- Intelligence: As revealed in Percy Jackson's Greek Gods, Hermes is shrewd and formidably intelligent - he successfully stole Apollo's cattle, and later on not only appeased his brother's wrath through offering him the lyre, but he also acquired numerous magical gifts from his brother by trading him the flute. Hence, Hermes was the one to gift Pandora with deceitfulness.
- Transfiguration: In Percy Jackson's Greek Gods, Hermes transformed the stubborn nymph Chelone into a turtle.
- Prophecy: As revealed in Percy Jackson's Greek Gods, Apollo granted Hermes the power to predict the future by throwing dice, which might have been how Hermes knew some of Luke's fate.
- Audiokinesis: Since Hermes is the god of communication and has the power of persuasion, he can sing really well and persuade people with his singing as well. This is much like how Piper Mclean can sing and put charmspeak in her voice.
Hermes' attributes are his caduceus, winged sandals, winged golden helmet, and his mighty golden sword. According to Percy Jackson's Greek Gods, the god's sword is made of adamant and Imperial Gold, and is extremely sharp. Though the caduceus, sandals, and sword initially belonged to Apollo, he, admittedly, never used them, and readily gave them to Hermes in exchange for his younger brother's lyre and flute. Hermes' sacred animals are the ram, tortoise, and rooster.
Hermes has many children and all undetermined children go to Cabin 11 as explained by Luke in The Lightning Thief. His most mentioned child is Luke, who he loved very much, as seen in The Last Olympian when he blessed Luke and kissed his forehead before having the Three Fates carry off his dead body. Poseidon also told Percy in The Titan's Curse, that Hermes loved Luke so much up to the point that Luke became Hermes' pride and joy.
|Aphrodite||Tyche and Hermaphroditus|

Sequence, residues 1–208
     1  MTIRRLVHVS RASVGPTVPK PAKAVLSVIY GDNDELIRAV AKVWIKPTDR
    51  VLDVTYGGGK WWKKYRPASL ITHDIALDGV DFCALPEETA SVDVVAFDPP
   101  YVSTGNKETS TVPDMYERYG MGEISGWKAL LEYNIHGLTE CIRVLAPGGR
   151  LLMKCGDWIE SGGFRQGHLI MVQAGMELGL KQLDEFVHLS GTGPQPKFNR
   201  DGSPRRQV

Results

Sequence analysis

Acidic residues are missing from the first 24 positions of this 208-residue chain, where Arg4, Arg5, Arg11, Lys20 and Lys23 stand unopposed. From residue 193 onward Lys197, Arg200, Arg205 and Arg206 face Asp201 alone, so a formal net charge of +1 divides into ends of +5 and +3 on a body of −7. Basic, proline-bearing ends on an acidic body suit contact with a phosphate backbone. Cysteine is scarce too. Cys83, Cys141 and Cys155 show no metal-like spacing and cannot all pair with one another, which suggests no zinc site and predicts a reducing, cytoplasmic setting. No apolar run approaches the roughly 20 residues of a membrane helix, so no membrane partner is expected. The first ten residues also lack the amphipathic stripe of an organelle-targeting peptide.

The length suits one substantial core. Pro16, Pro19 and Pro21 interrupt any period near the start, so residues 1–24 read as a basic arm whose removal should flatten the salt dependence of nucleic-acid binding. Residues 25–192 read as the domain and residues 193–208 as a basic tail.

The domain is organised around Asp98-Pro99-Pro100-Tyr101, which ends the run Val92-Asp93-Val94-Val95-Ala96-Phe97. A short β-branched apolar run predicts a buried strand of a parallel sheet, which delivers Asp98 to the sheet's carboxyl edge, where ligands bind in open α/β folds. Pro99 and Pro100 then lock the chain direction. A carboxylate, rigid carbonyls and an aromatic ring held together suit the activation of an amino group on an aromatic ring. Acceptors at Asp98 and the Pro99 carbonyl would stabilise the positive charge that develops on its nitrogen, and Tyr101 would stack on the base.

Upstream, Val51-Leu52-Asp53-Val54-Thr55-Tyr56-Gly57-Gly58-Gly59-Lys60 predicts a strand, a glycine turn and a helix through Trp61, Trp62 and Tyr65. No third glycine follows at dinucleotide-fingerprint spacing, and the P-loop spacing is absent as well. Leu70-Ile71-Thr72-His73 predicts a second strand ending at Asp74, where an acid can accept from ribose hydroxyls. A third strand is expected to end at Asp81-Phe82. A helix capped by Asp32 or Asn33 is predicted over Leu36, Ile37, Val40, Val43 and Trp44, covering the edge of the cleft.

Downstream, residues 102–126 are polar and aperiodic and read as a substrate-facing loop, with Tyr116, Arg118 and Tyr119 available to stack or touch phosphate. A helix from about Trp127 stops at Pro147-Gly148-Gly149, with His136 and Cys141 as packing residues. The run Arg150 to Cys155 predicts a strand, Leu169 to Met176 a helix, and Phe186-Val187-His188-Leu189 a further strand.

Greek Demigod Children
|May Castellan||Luke Castellan|
|Ms. Stoll||Connor and Travis Stoll|
|Ms. Rodriguez||Chris Rodriguez|
|Ms. Markowitz||Cecil Markowitz|
|Harriet Green Ross||Harriet Tubman (deceased)|
|Ms. Feingold||Julia Feingold|
|Ms. Miyazawa||Alice Miyazawa|
|Unknown||Two Unnamed Daughters in Los Angeles|
|Unknown||Unnamed Son in Wisconsin|
Roman Demigod Children
- Jack London (deceased)
- Unnamed Son of Mercury mentioned by Ma Gasket in The Lost Hero (deceased)
- More unnamed children and legacies.
|Odysseus||Grandson to his son Autolycus|
|Jason||Grandson to his son Autolycus|
Symbol of Power
- Main article: Caduceus
The caduceus, also known as a herald's wand, is Hermes' symbol of power. It appears as a winged golden staff, though Hermes usually keeps in phone form. It has two intertwined snakes named George and Martha, who can extend to full form when the caduceus is completely extended; the snakes' names are possibly from George Washington and his wife Martha Dandridge Washington, or more likely from the two main characters of the play "Who's Afraid of Virginia Woolf," a married couple who are frequently venomous towards each other.
|“||My son, I'm the god of travelers, the god of loads. If I know anything, I know that you must walk your own path, even though it tears my heart.||”|
–Hermes to Luke, in The Last Olympian
Despite all the mistakes Luke had made in his life, Hermes still considers him to be his favorite son. Being a god, Hermes could not interfere with Luke's fate and was forced to watch him grow without ever being able to talk to him. Luke on the other hand resented his father for never being there for him, especially when his mother was having one of her fits. When the two finally did meet, they only ended up arguing. Hermes knew that Luke would eventually turn against the gods, but couldn't tell him his eventual fate. Luke took this as Hermes not caring about him at all and turned away from his father, claiming that Thalia Grace and Annabeth were his new family and he didn't need him anymore.